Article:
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Child walks for several hours after being dropped off at different bus stop

The school department in Michigan says a letter was sent to the family's home about the bus stop change, but the family says they did not receive it.

GRAND RAPIDS, Michigan — A Grand Rapids first-grader walked alone for several hours before a couple asked him if he needed help, after he was dropped off at a different bus stop. His parents say they were unaware of the change that the school district says was sent in a letter earlier that month. 

For the past few years, 7-year-old Deng Mach's mother has always picked him up at the same bus stop near their home in southeast Grand Rapids. 

Over the last 10 months, Grand Rapids Public Schools students have been learning remotely, until two weeks ago when students made the return to in person. Last Thursday was Mach's first time on the bus this school year. His mother and younger siblings were waiting for him at the usual bus stop, when he didn't arrive. 

Typically, any bus delays are communicated by phone, so Mach's parents began to worry. 

"I called Dean Transportation, and I asked them, 'What is the drop off location of my son? My son is not home,'" said Adier Deng, Mach's father. 

Deng was told his son had been dropped off at Campus Elementary about 40 minutes earlier, which is nearly a mile from where his son is usually dropped off. 

He said he left work immediately and called Grand Rapids Police to report that his child was missing. Mach was not located over the next hour as Deng, GRPD and GRPS Public Safety searched the surrounding areas. 

Deng said his mind was racing. 

"Where could he be? Has he met wrong, unsafe people...Or is he freezing already in the cold?" he said. "So, those were the kind of questions that came to my mind, and those were horrible questions."

Mach had walked several miles, including over a highway overpass, by the time a couple saw him and asked if he needed help.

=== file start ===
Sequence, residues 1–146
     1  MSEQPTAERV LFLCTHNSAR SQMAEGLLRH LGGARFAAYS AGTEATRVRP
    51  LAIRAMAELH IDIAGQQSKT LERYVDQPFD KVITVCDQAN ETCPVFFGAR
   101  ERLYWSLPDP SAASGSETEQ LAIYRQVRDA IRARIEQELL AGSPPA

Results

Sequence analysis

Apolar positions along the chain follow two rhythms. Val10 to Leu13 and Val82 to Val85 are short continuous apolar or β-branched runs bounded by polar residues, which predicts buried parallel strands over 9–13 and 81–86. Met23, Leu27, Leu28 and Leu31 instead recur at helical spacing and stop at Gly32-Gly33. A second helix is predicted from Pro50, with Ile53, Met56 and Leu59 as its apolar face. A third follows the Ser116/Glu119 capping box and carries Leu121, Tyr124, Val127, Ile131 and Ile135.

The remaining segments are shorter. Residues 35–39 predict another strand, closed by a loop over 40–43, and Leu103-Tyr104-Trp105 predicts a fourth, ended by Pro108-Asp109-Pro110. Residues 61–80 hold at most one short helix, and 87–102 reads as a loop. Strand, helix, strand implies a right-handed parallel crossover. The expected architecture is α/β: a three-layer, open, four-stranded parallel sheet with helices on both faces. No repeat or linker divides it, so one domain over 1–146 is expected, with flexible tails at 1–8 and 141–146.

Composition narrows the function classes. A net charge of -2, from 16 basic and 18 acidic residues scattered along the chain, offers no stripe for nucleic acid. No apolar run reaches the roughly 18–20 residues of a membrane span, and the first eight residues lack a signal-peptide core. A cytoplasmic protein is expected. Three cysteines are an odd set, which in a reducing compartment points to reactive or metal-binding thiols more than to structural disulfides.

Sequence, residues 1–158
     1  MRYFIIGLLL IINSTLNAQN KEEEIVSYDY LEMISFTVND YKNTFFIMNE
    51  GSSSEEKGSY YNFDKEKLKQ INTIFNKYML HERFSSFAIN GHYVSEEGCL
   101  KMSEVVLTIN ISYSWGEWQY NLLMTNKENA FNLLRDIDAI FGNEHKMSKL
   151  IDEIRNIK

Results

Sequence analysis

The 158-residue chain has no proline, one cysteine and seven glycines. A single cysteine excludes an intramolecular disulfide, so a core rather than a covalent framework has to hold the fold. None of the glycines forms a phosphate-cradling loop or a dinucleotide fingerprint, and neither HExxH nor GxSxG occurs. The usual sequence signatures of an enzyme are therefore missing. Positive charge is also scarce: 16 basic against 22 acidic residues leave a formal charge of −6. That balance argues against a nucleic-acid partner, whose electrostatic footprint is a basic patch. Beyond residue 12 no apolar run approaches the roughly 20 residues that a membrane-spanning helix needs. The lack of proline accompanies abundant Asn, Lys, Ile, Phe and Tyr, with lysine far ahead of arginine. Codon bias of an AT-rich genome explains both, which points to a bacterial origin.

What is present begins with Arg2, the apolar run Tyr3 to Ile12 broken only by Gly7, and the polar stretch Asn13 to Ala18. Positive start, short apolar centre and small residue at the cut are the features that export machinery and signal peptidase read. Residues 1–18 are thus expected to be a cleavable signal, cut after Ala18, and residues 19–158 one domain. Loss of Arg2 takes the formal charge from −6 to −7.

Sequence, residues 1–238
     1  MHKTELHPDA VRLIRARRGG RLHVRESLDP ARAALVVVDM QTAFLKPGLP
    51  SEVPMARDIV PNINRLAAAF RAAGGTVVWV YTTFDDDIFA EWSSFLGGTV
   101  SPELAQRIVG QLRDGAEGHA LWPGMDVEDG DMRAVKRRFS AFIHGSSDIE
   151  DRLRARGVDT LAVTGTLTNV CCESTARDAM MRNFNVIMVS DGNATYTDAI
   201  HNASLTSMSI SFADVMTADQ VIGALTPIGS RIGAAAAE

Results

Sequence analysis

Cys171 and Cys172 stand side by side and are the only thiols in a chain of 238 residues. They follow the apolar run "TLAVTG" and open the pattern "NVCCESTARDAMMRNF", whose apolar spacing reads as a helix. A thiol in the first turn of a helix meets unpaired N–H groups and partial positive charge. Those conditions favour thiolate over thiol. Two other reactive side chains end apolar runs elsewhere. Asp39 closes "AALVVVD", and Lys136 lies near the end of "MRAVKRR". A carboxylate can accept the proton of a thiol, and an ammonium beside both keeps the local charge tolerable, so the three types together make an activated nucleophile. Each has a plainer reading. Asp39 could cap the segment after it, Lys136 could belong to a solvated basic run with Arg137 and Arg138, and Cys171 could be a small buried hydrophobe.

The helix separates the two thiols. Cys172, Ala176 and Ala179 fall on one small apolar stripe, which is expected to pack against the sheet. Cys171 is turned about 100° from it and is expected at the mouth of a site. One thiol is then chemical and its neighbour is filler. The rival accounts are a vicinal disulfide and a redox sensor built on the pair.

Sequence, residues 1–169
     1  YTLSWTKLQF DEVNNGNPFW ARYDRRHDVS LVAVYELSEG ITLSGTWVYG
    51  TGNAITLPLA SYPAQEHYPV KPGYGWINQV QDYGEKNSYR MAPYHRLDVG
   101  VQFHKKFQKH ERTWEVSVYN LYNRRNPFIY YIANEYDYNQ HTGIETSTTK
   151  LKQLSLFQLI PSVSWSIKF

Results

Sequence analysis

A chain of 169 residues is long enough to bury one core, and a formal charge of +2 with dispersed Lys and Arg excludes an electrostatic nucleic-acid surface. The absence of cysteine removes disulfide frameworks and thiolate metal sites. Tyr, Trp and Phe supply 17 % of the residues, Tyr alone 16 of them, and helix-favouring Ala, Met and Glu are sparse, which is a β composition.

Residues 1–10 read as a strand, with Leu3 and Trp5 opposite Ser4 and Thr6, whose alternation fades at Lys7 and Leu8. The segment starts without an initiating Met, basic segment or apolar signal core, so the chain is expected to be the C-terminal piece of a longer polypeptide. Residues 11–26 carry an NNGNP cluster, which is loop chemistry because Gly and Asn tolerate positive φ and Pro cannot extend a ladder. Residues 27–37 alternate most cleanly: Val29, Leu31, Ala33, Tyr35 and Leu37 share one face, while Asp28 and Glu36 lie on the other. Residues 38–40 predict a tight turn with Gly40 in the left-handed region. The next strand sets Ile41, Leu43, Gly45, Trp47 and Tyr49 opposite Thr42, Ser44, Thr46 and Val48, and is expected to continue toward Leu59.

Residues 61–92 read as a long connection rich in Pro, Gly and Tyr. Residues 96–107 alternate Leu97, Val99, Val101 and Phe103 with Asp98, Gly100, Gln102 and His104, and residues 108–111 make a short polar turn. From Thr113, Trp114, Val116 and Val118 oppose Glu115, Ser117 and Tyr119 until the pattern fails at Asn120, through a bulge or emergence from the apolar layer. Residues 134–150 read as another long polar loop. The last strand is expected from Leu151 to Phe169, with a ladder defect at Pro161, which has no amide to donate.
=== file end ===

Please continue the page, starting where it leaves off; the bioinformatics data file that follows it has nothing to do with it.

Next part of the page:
Isaac Simmons and his fiancé Jameila Green saw Mach crossing the road near Hall Street SW and Grandville Avenue SW. Simmons said he noticed the boy looked tired as he walked across the intersection and asked if he needed help but Mach just waved. 

"I was like, 'I think he's lost,' and so, when the green light comes I turn left instead of going straight home," Simmons said. 

The couple and their friend were on the way home from the gym when they turned around to try and talk with Mach. Green, who is in social work, tried to establish comfort the second time they spoke to him.

"We just talked to him a little bit to make him feel comfortable to let him know like we weren't here to hurt him, but we wanted to help him, and ended up taking him home," she said. 

Mach knew his address, so the couple was able to easily drive him home.

When they arrived at the house, Mach's parents were in tears and police were outside. The search had regrouped at the family's home. Simmons and Green said they hadn't realized until they arrived just how long the boy had been missing. 

Deng said he was thankful Simmons and Green stopped. It had been about two hours by the time Mach was dropped off at home. 

Mach was taken to the hospital for a check up after. His dad said the boy's lips were swollen from the cold. 

Credit: Adier Deng

Deng said his son is traumatized from the experience, especially because his son says he tried to tell the bus driver it wasn't the correct stop. 

GRPS says all protocols were followed by the school and Dean Transportation, and that it has since switched back to the old bus stop to accommodate the family. In a letter dated Jan. 7, the transportation company contracted by GRPS indicated that the drop off location was now Campus Elementary, but the family says they never received that letter. 

The district said it is also going to be utilizing two different apps to help parents track their child's bus. 

But, Deng said he wants accountability and to know why his son was left.

"I'm going to hold these people accountable, so that this doesn't happen again in the future, to other families, to other kids," he said Monday. 

"My son would have died, and that's the thing that was going on in our minds, you know," Deng said. "How can we ever comprehend something like that? When he was just going to school to learn."

GRPS issued this statement:

“First and foremost, we extend our thanks and appreciation to the GRPD and our public safety officers who safely reunited the missing student with their family.

Based on our investigation, all protocols were followed by the school and Dean Transportation and the student was, in fact, dropped off at the correct stop. The pickup and drop off locations were clearly spelled out and communicated with the family on January 7, 2021.

Dean Transportation and the district are working closely with the parents to ensure they are clear on the pick-up and drop off times and expectations. We have also adjusted the drop off location to better meet the needs of this family.

Lastly, we are also helping parents download the ZPass application that allows for parents to track specific times students get on and off the bus. In the near future, a bus tracking application called Here Comes the Bus will also be available for parents to track where the bus is on route to the bus stop.”

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